An important consideration for therapies relying on Treg depletion is the rapid recovery. It has been described previously that the Treg compartment is repopulated in 48 days following depletion in mice [91], and similar effects have been reported in humans [76, 92]. Furthermore, depletion of Tregs should be carried out with caution because the agents described may target both Teff and Treg populations, as CD25 may be expressed on more than 25% of human T cells [17]. Clinically, treatment of renal cell carcinoma with autologous T cells depleted of Tregs produced a transient reduction in peripheral Treg numbers, which coincided with increased antigen-independent and tumour-specific T cell responses. This suggests that although Treg depletion is generally transient, it can result in a potential therapeutic window for generating effective anti-tumour responses [93].

Interfering with some of the principal functions of Tregs is also being investigated. Cytotoxic T lymphocyte-associated antigen (CTLA)-4, expressed constitutively by Tregs, appears to be implicated in tumour control [2, 12]. Studies targeting this molecule have been studied extensively in murine tumour models [94-96]. Clinically, ipilimumab (human anti-CTLA-4 mAb; MDX-010) has been effective in Phase III trials, increasing overall survival in patients with advanced metastatic melanoma [97]. However, patients with stage IV melanoma or renal cell carcinoma showed no reduction in Treg numbers or inhibited suppressive capacity, and it has been postulated that the effect of anti-CTLA-4 treatment is due to increased activation of Teffs [98]. Others have suggested that there is a Treg-depleting effect early after initial administration which permits the optimal induction of effector cell responses [99]. There is additional evidence that the suppressive mechanisms of CTLA-4 and Tregs are, at least in part, independent because even in the absence of CD25+ cells CTLA-4 blockade has been shown to induce anti-tumour responses [34]. Targeting glucocorticoid-induced tumour necrosis factor receptor-related protein (GITR), a receptor expressed on Tregs, CD4+CD25 T cells and APCs, has also been explored [12]. With murine cells in vitro it was observed that administration of the cognate ligand (GITRL), as well as an agonistic antibody (DTA-1), resulted in the suppression of regulatory T cells [100, 101]. Anti-GITR antibody treatment has been effective in promoting anti-tumour responses in the murine B16 tumour model [61] as well as in carcinogen-induced sarcoma in mice [102], but its effect in humans remains to be investigated.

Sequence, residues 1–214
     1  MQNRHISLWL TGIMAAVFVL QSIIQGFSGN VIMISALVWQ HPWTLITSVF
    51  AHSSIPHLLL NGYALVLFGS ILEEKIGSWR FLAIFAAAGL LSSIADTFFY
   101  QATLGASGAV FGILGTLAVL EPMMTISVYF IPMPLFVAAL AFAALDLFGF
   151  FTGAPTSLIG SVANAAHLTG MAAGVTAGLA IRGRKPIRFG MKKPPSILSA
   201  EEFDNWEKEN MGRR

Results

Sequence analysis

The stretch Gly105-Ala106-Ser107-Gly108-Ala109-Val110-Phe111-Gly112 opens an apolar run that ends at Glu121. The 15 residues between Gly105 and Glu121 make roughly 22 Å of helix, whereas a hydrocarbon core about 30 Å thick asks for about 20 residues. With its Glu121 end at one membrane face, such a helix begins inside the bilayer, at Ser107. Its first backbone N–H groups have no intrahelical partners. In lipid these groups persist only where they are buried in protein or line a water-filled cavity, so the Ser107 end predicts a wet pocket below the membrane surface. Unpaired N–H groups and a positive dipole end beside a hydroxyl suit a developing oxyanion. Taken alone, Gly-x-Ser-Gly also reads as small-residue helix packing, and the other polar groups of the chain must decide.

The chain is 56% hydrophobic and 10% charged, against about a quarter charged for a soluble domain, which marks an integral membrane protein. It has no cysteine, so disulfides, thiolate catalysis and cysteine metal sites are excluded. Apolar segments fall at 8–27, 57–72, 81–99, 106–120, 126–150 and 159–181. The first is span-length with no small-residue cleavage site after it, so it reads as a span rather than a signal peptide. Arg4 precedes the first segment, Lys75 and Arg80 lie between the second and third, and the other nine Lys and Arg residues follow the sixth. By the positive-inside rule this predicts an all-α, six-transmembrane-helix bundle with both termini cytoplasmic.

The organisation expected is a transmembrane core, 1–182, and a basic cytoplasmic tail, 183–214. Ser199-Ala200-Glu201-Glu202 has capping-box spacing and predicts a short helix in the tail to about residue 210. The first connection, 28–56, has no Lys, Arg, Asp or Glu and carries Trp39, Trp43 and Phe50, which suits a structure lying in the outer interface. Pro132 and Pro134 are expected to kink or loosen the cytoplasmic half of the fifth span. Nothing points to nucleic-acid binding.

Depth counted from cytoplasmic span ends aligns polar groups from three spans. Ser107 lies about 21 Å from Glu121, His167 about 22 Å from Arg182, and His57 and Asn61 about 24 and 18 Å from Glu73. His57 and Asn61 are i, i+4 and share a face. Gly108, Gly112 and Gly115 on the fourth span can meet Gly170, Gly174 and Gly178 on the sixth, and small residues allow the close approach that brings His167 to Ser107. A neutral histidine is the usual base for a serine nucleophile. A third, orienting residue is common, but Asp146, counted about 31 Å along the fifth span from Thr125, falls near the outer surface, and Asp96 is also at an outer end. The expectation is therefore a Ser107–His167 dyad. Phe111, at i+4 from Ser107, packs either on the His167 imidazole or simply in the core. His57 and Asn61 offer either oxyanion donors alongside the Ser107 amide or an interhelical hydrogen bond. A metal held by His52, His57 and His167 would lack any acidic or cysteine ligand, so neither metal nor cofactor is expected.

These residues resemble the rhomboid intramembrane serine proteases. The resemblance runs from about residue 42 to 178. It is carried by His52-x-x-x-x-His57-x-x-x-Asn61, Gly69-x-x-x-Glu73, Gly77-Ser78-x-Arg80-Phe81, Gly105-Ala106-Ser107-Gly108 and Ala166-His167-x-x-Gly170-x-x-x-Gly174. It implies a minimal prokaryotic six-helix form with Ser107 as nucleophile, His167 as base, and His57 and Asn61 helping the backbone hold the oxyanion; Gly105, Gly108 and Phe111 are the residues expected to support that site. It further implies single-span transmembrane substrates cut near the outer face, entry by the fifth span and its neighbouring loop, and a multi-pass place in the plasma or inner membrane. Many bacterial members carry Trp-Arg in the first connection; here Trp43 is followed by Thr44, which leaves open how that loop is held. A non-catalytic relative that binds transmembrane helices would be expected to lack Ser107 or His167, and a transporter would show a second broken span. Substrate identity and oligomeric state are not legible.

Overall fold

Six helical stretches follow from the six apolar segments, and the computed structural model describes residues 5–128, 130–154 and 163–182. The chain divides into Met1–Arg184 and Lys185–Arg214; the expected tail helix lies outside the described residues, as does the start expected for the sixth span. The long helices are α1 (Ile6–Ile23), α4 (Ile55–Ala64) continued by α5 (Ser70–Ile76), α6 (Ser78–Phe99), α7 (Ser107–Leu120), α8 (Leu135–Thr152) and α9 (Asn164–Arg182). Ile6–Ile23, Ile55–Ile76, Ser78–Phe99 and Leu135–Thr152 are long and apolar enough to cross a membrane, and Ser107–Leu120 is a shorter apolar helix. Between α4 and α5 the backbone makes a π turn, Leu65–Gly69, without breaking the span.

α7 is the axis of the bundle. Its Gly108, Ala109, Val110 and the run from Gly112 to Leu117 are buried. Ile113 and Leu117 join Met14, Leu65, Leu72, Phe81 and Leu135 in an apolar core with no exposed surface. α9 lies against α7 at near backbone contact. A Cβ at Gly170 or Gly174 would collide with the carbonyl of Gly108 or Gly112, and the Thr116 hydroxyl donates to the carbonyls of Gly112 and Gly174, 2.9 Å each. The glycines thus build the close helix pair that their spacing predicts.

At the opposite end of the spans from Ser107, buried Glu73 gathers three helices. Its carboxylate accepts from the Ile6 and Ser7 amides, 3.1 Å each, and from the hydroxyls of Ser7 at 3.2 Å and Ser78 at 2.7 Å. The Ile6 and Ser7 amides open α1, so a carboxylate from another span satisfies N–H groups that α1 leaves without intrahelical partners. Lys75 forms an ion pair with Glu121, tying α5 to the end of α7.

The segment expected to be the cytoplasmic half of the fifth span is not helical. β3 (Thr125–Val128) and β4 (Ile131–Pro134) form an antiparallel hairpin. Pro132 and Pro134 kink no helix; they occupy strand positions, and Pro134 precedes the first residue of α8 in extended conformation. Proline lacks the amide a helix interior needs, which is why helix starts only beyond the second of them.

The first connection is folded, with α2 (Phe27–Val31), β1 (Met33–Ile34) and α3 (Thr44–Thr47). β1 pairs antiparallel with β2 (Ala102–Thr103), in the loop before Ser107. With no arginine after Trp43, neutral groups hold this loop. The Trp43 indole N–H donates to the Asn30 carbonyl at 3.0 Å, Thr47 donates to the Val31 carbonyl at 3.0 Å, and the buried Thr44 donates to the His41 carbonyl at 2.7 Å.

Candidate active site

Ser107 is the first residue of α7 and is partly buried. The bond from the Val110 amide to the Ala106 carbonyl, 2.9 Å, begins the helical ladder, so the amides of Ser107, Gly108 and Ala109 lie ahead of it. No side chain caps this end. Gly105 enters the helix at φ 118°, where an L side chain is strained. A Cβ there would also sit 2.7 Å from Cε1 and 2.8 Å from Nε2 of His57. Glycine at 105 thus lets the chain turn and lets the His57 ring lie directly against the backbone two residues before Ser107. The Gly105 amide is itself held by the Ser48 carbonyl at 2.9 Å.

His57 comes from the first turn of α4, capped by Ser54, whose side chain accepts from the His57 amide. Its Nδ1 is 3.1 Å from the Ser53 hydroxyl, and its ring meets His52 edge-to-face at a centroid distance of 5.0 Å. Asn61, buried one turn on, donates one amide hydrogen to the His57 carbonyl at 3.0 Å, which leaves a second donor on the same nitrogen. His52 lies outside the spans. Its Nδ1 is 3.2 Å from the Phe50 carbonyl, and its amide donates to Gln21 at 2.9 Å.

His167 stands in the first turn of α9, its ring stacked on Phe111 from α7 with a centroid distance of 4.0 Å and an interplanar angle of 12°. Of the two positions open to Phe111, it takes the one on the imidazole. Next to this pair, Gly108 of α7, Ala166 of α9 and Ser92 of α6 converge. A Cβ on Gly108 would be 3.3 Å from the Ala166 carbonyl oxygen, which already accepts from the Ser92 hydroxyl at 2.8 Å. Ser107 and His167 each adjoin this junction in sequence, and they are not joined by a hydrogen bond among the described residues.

Certain therapies have been shown to modulate the Teff/Treg ratio. A combination of Gvax [granulocyte–macrophage colony-stimulating factor (GM-CSF)-secreting B16 tumour cell-based vaccine] or Fl3vax (Flt3 ligand-secreting B16 tumour cell-based vaccine) with CTLA-4 blockade has been shown to be effective in increasing the ratio of Teff to Treg, resulting in rapid tumour rejection in murine tumour models [103, 104]. In combination with anti-OX40, cyclophosphamide has been shown to have similar effects [105]. Interfering with the programmed cell death (PD)-1/PDL-1 axis has also been explored and has been shown to be effective in tumour rejection through a similar increase in the Teff/Treg ratio [106]. This suggests that approaches aimed at both interference with Treg function and enhancement of Teff activation and function may be equally important, and through synergy yield effective anti-tumour responses.